- Yum Brands (YUM)
- Domino’s Pizza (DPZ)
– Financial institutions with low risk
- SVB Financial Group (SIVB)
– Retail store traffic reduction
- Nike (NKE)
Watch this video from Latest News to learn more about the Stock Market Hot Picks:
Walmart Teams up With Shopify to Take on Amazon
Walmart has forged an agreement with Shopify to help its third party marketplace improve its online presence and set its sights on online behemoth Amazon. By enlisting the help of Shopify, the retail giant plans to add 1,200 online sellers to its walmart.com store site and draw more online shoppers. Shopify helps sellers create a website and provides a shopping cart solution to provide an easier shopping experience.
The market welcomed the partnership, as Shopify shares gained 5% and Walmart getting a slight uptick. Walmart is currently capitalizing on its recent success in online sales, which grew 74% during the first quarter. However, its growth came primarily from its third party marketplace rather than its first-party (direct purchase from suppliers) store. The deal with Shopify further strengthens the infrastructure for its third party marketplace.
Walmart has embarked on a series of strategic moves to expand its e-commerce, recently purchasing Bonobos and Modcloth, and has recently announced a deal with resale firm ThredUp.
Sorry AOC, Billionaires Haven’t Made $434B During Pandemic
Nation’s Billionaire’s See Net Worth Jump $434B in First Two Months of Pandemic
It was an eye-opening headline, and fairly drew the frustrations of a lot of us. This is especially true for the 38+ million Americans who have lost their jobs since the coronavirus pandemic shut down. Our country has been at it a little more than two months ago.
How dare they get richer while we suffer?
Chuck Collins, director of the Institute for Policy Studies Program on Inequality, the co-author of the report, expressed his piece. He said, “The surge in billionaire wealth during a global pandemic underscores the grotesque nature of unequal sacrifice.”
Meanwhile, Frank Clemente, the executive director of Americans for Tax Fairness which co-authored the study, also shared his opinion. He said, “The pandemic has revealed the deadly consequences of America’s yawning wealth gap, and billionaires are the glaring symbol of that economic inequality.”
Democrat Alexandria Ocasio-Cortez didn’t want to miss the opportunity to inject her brand of socialism into the public discourse. “Really great system we got here. Can’t imagine why anyone would question how beneficial or sustainable it is for the working class,” she tweeted. This is in response to CNBC running the headline.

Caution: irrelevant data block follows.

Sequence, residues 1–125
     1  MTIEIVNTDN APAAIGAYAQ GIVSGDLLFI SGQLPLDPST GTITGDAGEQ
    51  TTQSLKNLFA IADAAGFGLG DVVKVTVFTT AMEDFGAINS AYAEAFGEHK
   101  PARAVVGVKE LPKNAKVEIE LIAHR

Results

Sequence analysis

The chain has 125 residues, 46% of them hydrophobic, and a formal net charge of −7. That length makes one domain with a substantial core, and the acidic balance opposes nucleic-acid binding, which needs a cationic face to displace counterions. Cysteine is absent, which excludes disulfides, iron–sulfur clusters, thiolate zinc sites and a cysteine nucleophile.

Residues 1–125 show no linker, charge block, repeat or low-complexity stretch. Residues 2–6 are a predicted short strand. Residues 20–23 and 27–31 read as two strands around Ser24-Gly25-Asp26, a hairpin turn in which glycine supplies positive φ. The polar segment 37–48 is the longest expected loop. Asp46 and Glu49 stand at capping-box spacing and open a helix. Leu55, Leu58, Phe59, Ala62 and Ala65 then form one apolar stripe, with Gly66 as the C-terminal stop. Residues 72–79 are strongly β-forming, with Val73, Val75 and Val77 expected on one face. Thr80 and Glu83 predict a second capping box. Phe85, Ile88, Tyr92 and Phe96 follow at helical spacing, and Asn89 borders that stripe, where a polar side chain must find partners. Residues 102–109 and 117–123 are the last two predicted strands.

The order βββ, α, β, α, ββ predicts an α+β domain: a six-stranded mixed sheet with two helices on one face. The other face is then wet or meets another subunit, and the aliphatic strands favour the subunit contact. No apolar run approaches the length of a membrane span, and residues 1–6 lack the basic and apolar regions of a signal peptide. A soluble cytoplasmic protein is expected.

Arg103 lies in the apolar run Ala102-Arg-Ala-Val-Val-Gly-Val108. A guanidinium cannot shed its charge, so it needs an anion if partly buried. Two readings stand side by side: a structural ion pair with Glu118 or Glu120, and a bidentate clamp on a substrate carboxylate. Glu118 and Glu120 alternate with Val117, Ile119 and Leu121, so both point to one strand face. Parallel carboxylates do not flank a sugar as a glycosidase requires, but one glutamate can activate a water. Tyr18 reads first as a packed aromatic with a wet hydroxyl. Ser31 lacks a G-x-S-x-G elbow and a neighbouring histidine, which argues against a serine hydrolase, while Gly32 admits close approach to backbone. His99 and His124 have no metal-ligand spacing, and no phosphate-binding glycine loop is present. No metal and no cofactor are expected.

The Study’s Flaws
The top five US billionaires explicitly mentioned in the article are all Democrats. These include Warren Buffett, Bill Gates, Jeff Bezos, Mark Zuckerberg, and Larry Ellison. But setting that irony aside, the problem is that the article is simply dishonest, points out MarketWatch columnist Steve Goldstein.
“The study… examines billionaires’ wealth between March 18 — the rough start date of the pandemic shutdown, when most federal and state economic restrictions were in place — and May 19. It relied on the Forbes’ billionaire list, which itself is built around stock-market performance.”
The flaw, as Goldstein points out, is that the beginning and end dates used for the study are incorrect.
“Think about that in the market context. The pandemic did not start March 18 (nor, of course, had it ended on May 19), and certainly market concerns about the pandemic did not start March 18. Far from it.”
He says that to see a true picture of how much money the billionaires made – or lost – during the pandemic, they need to expand the date range.
“A more logical way to think about whether billionaires got richer, or not, is to think about the performance from the Feb. 19 peak in the market, after which more investors began to get concerned by the novel virus. You then get to see who got richer even in the face of the crippling economic blow.”
If you use this revised date range, Goldstein says the truth is that billionaires have actually lost money since the market peaked and the pandemic began
“Cumulatively, the top 50 billionaires lost $232 billion between the market’s peak and this Tuesday. If the remaining billionaires on the Forbes list lost wealth at the same roughly 12.5% rate that the top 50 experienced, that’s another $200 billion–plus wiped out.”
So while it’s easy to run a headline that bashes billionaires, the truth lies somewhere in the middle.